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Sleep Procrastination

I just was talking to a friend about sleep and he was sharing how since he is so busy with work and has a young family that he experiences the phenomenon of sleep procrastination. I had never heard that term before, but when my kids were little I can recall staying up til 3 am just to have some adult private time (in addition to couple time). Do we just go through cycles in life or can we actually infuse these cycles with a gentle awareness of other skillful actions? How would young parent solve this problem? We used to live in community where we literally co-raised our children, ie. the "villiage?. We now have similar needs for communal support but are cut off from that. I see parents overworking to try and support their families. What if people who live near eachother could have trusted and well known friends that could trade with so free time could work in our waking hours? Love to hear your thoughts...

BY JAMIE FRIEDLANDER SERRANO: Time Magazine

MARCH 18, 2024 6:00 AM EDT

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nce I finally tuck my kids into bed, clean the kitchen, and shoot off my last work email of the night, it’s “me” time. It’s also, cruelly, bedtime. I know I should sleep, but instead I stay up way too late binge-watching Love Is Blind or mindlessly scrolling on Reddit. I need rest, but I push it off. This is my only uninterrupted time, and I want to maximize it.

This phenomenon is so universal that there’s a scientific name for it: “bedtime procrastination.” According to the researchers who coined it in a 2014 study, bedtime procrastination is “failing to go to bed at the intended time, while no external circumstances prevent a person from doing so.”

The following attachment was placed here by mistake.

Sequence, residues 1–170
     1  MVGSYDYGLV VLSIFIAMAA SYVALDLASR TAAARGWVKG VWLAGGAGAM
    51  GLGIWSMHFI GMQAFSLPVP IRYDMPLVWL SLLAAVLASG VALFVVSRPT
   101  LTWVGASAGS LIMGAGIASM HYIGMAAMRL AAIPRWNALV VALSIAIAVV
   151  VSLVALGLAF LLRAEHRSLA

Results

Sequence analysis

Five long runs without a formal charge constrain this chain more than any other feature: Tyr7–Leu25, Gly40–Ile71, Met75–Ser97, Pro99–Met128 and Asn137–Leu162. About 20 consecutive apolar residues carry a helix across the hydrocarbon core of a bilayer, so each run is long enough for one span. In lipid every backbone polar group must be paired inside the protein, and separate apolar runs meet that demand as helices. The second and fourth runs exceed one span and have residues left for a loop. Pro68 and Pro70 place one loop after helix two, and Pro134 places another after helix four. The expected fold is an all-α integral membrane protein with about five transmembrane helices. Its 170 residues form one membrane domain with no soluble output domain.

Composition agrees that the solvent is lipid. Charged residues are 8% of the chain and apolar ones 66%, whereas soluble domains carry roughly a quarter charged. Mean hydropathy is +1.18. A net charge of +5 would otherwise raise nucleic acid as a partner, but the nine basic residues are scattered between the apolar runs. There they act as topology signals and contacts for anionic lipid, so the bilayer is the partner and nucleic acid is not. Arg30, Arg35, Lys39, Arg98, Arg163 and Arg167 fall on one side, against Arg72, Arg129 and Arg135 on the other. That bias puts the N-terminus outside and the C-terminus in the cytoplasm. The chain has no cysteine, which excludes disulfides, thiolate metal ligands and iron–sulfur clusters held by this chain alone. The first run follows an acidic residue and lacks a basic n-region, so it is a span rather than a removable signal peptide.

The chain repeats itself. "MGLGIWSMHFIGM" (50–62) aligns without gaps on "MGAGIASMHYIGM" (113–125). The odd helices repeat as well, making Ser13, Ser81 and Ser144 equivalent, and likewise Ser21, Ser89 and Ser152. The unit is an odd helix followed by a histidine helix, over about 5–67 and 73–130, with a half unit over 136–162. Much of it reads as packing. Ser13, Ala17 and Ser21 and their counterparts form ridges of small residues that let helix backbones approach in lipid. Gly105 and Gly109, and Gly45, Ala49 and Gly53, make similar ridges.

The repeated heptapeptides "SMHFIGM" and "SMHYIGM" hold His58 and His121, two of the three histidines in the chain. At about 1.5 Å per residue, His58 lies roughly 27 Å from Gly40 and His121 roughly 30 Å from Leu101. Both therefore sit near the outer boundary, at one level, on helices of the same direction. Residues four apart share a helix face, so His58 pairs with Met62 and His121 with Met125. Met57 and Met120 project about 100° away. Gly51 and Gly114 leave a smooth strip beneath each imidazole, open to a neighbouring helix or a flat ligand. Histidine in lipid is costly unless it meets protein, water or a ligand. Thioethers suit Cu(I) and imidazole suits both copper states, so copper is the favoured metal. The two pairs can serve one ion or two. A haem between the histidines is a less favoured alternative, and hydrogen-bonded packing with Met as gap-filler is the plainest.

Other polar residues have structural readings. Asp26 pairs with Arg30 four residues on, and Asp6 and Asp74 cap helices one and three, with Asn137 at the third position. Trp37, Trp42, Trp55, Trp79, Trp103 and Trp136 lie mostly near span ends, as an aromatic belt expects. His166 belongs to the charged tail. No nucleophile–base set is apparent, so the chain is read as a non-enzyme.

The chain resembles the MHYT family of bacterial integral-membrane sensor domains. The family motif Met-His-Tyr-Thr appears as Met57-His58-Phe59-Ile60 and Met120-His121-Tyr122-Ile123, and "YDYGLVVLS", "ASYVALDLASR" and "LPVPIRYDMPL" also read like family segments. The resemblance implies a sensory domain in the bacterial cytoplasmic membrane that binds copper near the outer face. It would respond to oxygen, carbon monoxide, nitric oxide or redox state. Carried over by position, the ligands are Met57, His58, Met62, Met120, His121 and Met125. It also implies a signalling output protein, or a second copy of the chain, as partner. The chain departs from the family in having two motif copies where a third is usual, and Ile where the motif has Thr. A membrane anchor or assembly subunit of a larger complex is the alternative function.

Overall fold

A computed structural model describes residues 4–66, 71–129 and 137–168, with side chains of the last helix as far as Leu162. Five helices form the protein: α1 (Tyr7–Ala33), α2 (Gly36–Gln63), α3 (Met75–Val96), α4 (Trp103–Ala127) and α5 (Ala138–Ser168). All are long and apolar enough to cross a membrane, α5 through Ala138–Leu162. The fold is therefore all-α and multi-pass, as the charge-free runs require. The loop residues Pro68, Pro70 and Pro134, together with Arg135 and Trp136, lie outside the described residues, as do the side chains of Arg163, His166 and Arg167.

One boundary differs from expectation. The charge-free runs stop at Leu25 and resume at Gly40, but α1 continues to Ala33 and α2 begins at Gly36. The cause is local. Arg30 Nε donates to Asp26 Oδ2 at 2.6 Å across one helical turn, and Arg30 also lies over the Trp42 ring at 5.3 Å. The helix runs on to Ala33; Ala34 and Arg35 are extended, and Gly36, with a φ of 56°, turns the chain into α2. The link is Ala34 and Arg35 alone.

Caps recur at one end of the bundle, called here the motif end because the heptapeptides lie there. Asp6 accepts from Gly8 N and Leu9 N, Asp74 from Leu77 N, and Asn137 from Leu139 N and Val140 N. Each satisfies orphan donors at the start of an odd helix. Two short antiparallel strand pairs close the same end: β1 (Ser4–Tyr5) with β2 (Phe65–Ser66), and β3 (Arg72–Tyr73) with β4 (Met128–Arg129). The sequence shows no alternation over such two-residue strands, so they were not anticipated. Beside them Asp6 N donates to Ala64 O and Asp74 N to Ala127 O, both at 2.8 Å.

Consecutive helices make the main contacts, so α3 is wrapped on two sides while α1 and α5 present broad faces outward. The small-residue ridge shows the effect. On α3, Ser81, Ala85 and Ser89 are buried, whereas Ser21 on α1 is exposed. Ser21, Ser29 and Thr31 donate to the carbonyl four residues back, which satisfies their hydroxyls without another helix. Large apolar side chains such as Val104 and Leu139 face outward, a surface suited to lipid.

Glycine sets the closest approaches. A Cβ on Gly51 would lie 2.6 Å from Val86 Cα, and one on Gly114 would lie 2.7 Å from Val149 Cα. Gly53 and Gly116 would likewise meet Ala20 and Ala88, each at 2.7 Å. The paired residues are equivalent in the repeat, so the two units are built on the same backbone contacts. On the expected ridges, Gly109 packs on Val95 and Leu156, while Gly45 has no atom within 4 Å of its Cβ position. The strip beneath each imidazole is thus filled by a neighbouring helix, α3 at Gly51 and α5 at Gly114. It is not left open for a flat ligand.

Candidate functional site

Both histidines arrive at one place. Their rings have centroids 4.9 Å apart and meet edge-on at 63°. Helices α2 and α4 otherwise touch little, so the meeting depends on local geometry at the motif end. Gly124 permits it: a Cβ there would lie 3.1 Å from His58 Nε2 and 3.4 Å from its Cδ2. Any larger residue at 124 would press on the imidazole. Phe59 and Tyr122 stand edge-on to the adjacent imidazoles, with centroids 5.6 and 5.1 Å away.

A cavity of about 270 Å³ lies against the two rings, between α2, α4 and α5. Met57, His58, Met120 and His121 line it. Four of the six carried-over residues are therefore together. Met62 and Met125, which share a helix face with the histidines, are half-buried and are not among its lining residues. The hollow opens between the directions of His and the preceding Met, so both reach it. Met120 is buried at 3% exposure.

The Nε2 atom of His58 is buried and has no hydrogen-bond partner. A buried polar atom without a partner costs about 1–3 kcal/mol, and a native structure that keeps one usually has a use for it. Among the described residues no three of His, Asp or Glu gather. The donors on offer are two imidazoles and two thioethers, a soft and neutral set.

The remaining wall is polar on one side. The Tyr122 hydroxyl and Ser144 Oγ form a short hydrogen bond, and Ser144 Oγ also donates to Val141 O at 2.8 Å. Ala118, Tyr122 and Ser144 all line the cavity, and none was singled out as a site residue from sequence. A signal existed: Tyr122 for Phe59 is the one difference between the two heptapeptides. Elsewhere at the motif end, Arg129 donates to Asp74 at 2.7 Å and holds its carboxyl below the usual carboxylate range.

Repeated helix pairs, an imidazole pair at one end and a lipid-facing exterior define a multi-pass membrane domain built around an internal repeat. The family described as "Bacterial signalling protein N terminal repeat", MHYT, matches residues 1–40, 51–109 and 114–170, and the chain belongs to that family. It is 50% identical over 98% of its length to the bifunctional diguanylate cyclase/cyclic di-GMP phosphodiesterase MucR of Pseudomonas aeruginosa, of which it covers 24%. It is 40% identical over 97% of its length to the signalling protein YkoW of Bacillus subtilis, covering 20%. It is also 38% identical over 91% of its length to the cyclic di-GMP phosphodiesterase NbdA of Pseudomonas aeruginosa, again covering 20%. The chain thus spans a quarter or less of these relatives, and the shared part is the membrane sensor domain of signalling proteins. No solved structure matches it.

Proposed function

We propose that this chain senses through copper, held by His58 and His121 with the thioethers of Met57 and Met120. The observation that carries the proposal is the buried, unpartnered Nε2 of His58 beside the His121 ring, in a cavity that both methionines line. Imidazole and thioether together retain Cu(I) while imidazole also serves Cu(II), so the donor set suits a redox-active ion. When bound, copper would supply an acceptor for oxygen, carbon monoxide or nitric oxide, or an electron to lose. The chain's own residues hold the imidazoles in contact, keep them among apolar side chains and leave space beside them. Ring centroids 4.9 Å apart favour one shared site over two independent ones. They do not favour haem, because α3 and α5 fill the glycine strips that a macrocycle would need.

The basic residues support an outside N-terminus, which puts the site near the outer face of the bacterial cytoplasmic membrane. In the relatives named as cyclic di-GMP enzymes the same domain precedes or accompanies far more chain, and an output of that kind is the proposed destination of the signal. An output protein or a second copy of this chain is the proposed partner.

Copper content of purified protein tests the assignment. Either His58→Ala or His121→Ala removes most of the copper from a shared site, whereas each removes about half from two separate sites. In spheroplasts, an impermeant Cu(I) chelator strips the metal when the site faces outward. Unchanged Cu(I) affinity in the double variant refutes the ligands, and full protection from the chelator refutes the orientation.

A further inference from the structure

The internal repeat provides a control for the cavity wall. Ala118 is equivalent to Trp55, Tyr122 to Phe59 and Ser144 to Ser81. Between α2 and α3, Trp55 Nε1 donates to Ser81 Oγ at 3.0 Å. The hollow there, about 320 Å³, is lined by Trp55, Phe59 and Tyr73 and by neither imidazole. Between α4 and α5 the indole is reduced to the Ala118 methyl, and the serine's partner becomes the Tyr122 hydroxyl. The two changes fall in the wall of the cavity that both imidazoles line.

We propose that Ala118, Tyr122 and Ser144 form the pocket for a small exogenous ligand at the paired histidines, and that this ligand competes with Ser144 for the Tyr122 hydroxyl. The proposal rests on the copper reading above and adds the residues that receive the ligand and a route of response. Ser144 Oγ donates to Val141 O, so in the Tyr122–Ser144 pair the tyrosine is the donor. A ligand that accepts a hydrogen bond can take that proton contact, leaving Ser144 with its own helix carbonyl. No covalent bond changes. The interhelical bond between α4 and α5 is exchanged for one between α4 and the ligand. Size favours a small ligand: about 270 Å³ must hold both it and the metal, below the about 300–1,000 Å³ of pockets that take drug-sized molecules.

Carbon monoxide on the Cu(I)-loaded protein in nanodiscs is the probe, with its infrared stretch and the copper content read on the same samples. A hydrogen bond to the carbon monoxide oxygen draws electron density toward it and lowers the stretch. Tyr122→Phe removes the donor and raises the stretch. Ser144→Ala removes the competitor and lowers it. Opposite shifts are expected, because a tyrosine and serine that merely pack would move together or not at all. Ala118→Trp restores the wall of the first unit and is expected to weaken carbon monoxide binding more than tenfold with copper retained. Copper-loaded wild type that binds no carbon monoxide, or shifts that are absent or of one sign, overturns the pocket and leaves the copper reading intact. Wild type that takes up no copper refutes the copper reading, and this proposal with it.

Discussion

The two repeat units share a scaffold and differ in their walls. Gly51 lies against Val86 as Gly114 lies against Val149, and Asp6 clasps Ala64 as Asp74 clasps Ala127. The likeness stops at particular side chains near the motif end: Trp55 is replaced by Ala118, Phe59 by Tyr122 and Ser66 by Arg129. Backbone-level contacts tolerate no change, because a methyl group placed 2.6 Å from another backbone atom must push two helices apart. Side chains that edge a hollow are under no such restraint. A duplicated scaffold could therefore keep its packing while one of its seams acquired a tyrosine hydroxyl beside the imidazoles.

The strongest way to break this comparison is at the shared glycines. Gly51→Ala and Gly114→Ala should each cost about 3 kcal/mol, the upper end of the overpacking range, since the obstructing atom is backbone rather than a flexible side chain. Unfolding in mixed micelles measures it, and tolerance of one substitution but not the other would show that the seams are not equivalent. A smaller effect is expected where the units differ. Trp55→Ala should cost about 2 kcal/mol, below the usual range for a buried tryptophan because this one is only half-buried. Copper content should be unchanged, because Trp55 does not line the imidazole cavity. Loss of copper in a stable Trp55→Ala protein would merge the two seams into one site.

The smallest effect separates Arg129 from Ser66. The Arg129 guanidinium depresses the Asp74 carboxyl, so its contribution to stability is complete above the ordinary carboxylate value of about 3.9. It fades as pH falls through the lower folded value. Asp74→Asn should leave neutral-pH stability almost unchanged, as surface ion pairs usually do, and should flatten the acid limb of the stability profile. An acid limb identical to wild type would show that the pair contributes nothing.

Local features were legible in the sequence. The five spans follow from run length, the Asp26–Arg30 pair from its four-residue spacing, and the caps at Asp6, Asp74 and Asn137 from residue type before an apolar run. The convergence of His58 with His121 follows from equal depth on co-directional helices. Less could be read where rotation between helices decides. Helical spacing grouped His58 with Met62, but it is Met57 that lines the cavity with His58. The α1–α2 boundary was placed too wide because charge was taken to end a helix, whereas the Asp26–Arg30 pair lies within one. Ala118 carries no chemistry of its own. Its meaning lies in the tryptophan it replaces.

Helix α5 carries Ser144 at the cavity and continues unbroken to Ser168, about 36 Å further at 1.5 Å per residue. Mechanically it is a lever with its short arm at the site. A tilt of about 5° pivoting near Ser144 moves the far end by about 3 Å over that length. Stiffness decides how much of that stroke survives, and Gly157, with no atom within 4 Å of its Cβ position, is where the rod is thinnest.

People with stressful days and little control over their time are the ones most likely to procrastinate going to sleep, says Lynelle Schneeberg, a sleep psychologist at Yale University. Parents with young children, students, or people with extra-demanding jobs fall into this category. Schneeberg says it’s also common—not surprisingly—in people with insomnia, people who already procrastinate in other areas of their lives, “night owls,” and people with attention-deficit/hyperactivity disorder (ADHD). So—a lot of us.  

We often delay sleep because we want to regain the control—and time—we lost during the day. “When you don’t have the sense that you can manage your own time, it’s really frustrating,” Schneeberg says.

But here’s the paradox: Instead of getting more control over our days, bedtime procrastinators end up sabotaging them. When I stay up too late, I’m exhausted and groggy the next day. I feel like I’m on autopilot, and I have less energy to do the things I love, like going for a run or playing outside with my kids. The effects are physical, too: my face is puffy, my appetite is poor, and I’m more likely to catch one of my kids’ colds. 

What’s so bad about pushing off sleep? 

Dr. Safia Khan, a sleep medicine specialist at UT Southwestern Medical Center in Dallas, says when you stay up past your natural bedtime, your body produces more wake-promoting hormones.

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These hormones are supposed to be high during the day and low at night. When your body has to produce more of them to keep you awake, that puts pressure on the adrenal glands (which produce hormones), the cardiovascular system, and the respiratory system, “because now you’re doing something your body was not intended to do,” says Khan, who recently co-wrote a book on sleep disorders in women. “This, in turn, leads to high blood pressure, high blood sugar, mood disorders, anxiety, depression, panic attacks, muscle fatigue, joint aches and pains—I could go on and on.”

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Getting too little sleep can delay our healing if we’re sick, Khan says. Sleep deprivation can also impact our memory and cognitionstudies have shown that driving on little sleep can be as dangerous as driving while intoxicated. 

So why do we do it?